(KUTV) Utah is significantly below the national average when it comes to women getting screened for breast cancer. In the last two years, only 64.5% of Utah women over the age of 40 have gotten a mammogram. This is scary because screening is what could end up saving your life.
Linda Warner’s mother was diagnosed with breast cancer in her 40’s and died from the disease at age 50.
“She made me promise, literally on her death bed, that I would take care of myself, get mammograms, do whatever it took,” says Linda.
Women of average risk should begin annual screening mammography at the age of 40 and have a mammogram every year for as long as they are healthy. If a first degree relative like a mom or sister has been diagnosed with breast cancer, you may want to start screening earlier.
“It’s a 20-minute procedure. We take two mammographic views or x-rays of each breast. They’re usually interpreted the next day and then the woman gets her results immediately online,” says Dr. Brett Parkinson with the Intermountain Medical Center Breast Care Center.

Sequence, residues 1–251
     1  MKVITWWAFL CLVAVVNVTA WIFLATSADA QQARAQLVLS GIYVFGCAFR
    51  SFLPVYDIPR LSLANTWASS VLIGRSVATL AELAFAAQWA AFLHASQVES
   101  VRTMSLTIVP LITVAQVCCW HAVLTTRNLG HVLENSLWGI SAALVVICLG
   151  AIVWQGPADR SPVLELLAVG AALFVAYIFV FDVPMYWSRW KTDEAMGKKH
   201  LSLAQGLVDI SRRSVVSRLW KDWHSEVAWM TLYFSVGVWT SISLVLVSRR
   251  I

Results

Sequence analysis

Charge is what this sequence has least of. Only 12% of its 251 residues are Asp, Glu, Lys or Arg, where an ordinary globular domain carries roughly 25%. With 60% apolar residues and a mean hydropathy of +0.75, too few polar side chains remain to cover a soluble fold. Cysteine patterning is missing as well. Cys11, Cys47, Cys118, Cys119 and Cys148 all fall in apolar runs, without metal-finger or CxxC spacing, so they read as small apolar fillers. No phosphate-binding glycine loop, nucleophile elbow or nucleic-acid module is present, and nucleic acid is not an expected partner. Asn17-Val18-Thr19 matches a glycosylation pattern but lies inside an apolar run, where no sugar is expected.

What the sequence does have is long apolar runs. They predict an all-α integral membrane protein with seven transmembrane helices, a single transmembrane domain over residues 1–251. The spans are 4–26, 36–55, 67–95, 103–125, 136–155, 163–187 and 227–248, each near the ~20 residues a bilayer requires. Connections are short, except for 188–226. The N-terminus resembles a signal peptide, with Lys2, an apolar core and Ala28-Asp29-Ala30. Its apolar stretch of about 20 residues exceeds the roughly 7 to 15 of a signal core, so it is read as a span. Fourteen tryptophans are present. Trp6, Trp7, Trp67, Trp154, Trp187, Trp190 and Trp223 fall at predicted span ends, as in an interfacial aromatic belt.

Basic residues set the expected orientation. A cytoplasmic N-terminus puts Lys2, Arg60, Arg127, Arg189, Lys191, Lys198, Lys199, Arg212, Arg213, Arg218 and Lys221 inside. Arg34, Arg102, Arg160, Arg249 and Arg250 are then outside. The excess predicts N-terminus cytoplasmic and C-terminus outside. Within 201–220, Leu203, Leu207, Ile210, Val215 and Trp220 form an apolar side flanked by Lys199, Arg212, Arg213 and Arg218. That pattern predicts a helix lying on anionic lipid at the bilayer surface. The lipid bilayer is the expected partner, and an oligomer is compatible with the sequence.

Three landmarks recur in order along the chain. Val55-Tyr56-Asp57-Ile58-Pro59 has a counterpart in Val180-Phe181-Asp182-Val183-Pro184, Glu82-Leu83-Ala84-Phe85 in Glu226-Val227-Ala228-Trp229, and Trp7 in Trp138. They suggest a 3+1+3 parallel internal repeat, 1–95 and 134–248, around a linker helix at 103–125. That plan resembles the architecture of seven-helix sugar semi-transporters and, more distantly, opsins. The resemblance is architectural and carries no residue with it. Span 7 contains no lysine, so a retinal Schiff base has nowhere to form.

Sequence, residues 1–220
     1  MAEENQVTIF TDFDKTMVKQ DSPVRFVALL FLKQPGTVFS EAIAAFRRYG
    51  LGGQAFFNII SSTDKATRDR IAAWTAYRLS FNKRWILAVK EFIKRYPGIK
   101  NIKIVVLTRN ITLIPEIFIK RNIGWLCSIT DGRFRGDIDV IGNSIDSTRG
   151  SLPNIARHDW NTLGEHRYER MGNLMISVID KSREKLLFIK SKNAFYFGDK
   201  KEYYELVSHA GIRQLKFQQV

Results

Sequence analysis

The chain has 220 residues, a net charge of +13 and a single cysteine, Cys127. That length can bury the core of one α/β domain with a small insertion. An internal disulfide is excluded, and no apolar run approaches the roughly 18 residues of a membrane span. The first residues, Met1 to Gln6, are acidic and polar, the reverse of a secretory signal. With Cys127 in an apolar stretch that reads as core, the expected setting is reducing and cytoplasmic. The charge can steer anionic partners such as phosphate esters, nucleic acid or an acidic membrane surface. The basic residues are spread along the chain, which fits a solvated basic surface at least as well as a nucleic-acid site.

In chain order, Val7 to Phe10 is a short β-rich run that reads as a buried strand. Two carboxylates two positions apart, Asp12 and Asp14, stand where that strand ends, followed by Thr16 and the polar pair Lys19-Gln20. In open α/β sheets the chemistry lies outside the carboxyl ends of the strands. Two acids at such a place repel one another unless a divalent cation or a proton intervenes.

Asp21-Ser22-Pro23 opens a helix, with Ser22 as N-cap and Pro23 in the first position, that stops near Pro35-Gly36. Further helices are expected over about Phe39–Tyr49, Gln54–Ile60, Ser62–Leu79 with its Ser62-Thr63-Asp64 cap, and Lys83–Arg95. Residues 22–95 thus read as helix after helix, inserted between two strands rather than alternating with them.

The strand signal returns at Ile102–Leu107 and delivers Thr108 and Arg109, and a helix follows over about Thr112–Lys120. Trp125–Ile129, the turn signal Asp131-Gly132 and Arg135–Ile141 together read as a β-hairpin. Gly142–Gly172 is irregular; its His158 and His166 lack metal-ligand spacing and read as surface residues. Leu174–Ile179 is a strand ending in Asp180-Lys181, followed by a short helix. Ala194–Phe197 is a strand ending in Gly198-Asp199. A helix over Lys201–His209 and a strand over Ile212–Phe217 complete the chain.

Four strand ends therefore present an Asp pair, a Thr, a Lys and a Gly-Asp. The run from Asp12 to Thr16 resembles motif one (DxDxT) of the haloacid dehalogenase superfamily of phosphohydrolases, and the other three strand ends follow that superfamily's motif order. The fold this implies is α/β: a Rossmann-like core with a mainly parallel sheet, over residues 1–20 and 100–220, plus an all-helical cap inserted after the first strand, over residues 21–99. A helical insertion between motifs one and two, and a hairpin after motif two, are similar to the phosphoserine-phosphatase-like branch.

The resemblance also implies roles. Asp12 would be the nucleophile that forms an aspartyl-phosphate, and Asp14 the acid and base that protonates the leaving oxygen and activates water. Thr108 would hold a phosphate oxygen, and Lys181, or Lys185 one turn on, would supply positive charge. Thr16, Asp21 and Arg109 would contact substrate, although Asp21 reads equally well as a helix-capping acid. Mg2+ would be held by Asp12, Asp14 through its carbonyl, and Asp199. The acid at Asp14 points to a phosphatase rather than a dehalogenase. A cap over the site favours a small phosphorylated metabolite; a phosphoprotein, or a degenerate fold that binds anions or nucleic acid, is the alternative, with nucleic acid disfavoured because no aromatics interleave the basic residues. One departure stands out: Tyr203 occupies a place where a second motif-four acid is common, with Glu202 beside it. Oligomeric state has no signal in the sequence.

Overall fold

Linda kept her promise to her mom, and it’s good she did. After more than 30 annual mammograms, her 2016 screening revealed a small tumor.
“I am so grateful that we detected it early,” says Linda.
Early detection is key in both surviving breast cancer as well as reducing the amount of treatment. For Linda, this mean no chemotherapy. All she ended up having was a lumpectomy and radiation.
Linda hopes her story will encourage all women due for a mammogram to make their appointment today.
“Go get that mammogram! If it’s negative, it gives you peace of mind. If it’s positive, the earlier you catch it the better,” says Linda.
“There’s nothing right now that we know of that can prevent breast cancer, but there’s a lot we can do to prevent death from breast cancer,” says Dr. Parkinson.
If the cost of a mammogram is holding you back, there are many places that offer FREE cancer screenings to Utah women who qualify. Visit cancerutah.org for more information.